Kraft Foods Inc., the world’s biggest confectioner after buying Cadbury Plc, will start making Tang powdered beverage and chocolate next year at a new plant in Brazil, fueling expansion in faster-growing developing markets.
The move is part of Chief Executive Officer Irene Rosenfeld’s strategy to use Cadbury’s strength in those regions and prove to investors that the merger makes sense. Kraft now gets about one-quarter of its almost $50 billion in sales from emerging markets because of Cadbury.
Rosenfeld has spent much of this year since the $21.6 billion purchase traveling the globe -- Zurich two weeks ago, Singapore this week, England next month -- to lay out her strategy. Operations in developing countries will be crucial as she tries to offset stalling sales growth in North America.
“No rest for the weary,” Rosenfeld said in an interview last week at Kraft’s headquarters in Northfield, Illinois. “We have a lot to do. We laid down a strategy four years ago to turn this company around, and Cadbury is the last piece of that puzzle.”
The $50 million Brazilian plant, in the Northeastern state of Pernambuco, will employ 600 and may also eventually make Trident gum, a Cadbury brand whose Brazilian sales have climbed 30 percent this year, Kraft Brazil president Marcos Grasso said in an interview.
In Brazil, Russia and China, Rosenfeld plans to channel Cadbury’s Trident gum through Kraft’s existing distribution and manufacturing systems. In India and Mexico, Rosenfeld says, the strategy is about pushing Kraft’s Oreos and Lacta chocolate through Cadbury’s network of small mom-and-pop stores.
Another big brand is Kraft’s Club Social crackers, the top- selling cracker in Brazil. Club Social is now sold in small packages - dubbed the “iPod pack,” which can fit in back pockets and kids’ backpacks. The packaging has helped increase sales 27 percent this year.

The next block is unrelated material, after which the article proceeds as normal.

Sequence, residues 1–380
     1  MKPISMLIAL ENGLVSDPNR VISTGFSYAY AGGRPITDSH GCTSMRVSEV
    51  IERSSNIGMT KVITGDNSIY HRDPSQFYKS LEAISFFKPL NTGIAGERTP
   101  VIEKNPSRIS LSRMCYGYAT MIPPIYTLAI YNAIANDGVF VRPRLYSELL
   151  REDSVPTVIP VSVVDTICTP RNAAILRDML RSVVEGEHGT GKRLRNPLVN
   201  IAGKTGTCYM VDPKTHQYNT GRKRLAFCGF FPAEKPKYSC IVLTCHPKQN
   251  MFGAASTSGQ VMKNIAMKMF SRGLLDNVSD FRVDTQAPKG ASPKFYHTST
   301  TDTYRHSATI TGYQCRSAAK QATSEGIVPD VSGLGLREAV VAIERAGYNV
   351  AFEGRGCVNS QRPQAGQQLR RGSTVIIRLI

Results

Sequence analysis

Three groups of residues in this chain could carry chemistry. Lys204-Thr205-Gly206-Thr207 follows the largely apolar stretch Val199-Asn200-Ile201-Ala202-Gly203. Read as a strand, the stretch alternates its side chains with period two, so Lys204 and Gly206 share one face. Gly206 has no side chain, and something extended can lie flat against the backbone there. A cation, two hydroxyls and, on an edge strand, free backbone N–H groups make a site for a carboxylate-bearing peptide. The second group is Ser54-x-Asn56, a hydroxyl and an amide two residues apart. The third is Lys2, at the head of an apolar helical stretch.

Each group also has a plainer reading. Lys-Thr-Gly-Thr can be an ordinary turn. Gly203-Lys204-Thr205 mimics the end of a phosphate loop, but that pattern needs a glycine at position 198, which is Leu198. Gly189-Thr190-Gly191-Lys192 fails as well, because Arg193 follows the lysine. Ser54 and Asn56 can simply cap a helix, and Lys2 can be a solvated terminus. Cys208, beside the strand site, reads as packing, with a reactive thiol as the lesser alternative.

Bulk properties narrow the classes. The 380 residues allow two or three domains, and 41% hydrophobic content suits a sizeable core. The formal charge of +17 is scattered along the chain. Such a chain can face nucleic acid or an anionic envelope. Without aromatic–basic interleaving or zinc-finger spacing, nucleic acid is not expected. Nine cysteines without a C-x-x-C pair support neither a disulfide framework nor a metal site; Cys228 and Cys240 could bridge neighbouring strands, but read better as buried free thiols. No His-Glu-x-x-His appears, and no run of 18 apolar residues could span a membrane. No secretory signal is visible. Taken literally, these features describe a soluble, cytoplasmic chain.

“The focus of our investments will be disproportionately in developing markets,” said Rosenfeld, 57. Before becoming CEO, the Long Island native’s only previous experience outside the U.S. was a stint running Kraft’s Canadian operations in the late 1990s.
Rosenfeld is grappling with challenges, including penny- pinching shoppers shifting to private label products, rising commodity costs for coffee and meat, and a stock that trades below its $31 IPO price from 2001.
Kraft fell 69 cents to $29.58 at 4 p.m. in New York Stock Exchange composite trading. The shares have risen 8.8 percent this year.
North American Sales
Last quarter, Kraft’s North American organic sales, which exclude acquisitions, divestitures and foreign currency fluctuations fell 1.3 percent, the only region to show a decline. The emerging market division’s sales climbed 8.1 percent, more than twice the pace of Europe.
Grasso, previously head of Cadbury’s South American operations, is expanding Kraft’s manufacturing and distribution capabilities in Brazil, beginning with the new factory, which will make the powdered Tang beverage. Sales of the brand have surged 40% this year in Brazil, its single largest market, Grasso said. He’s fueling sales partly with a marketing campaign that encourages kids to recycle Tang packages so they can be made into backpacks and pencil cases.
“Tang in Brazil is on fire,” Rosenfeld said. The recycling campaign, she said, reminds her of work she did early in her career in marketing to revitalize brands such as Kool-Aid and Jell-O.
Cadbury’s board and shareholders agreed to Rosenfeld’s sweetened bid earlier this year. Former Cadbury managers now make up about one-third of the top 400 employees, Rosenfeld says.
“We feel like owners,” said Grasso, 48. “I stayed with Kraft because I saw how I could influence the culture of the company.”
“It’s a pivotal time for them -- there are still skeptics out there,” said Ted Moore, a fund manager at Fifth Third Asset Management in Cleveland, which has $18 billion under management including Kraft shares. “People look at Kraft as a company that is congenitally incapable of material revenue growth.”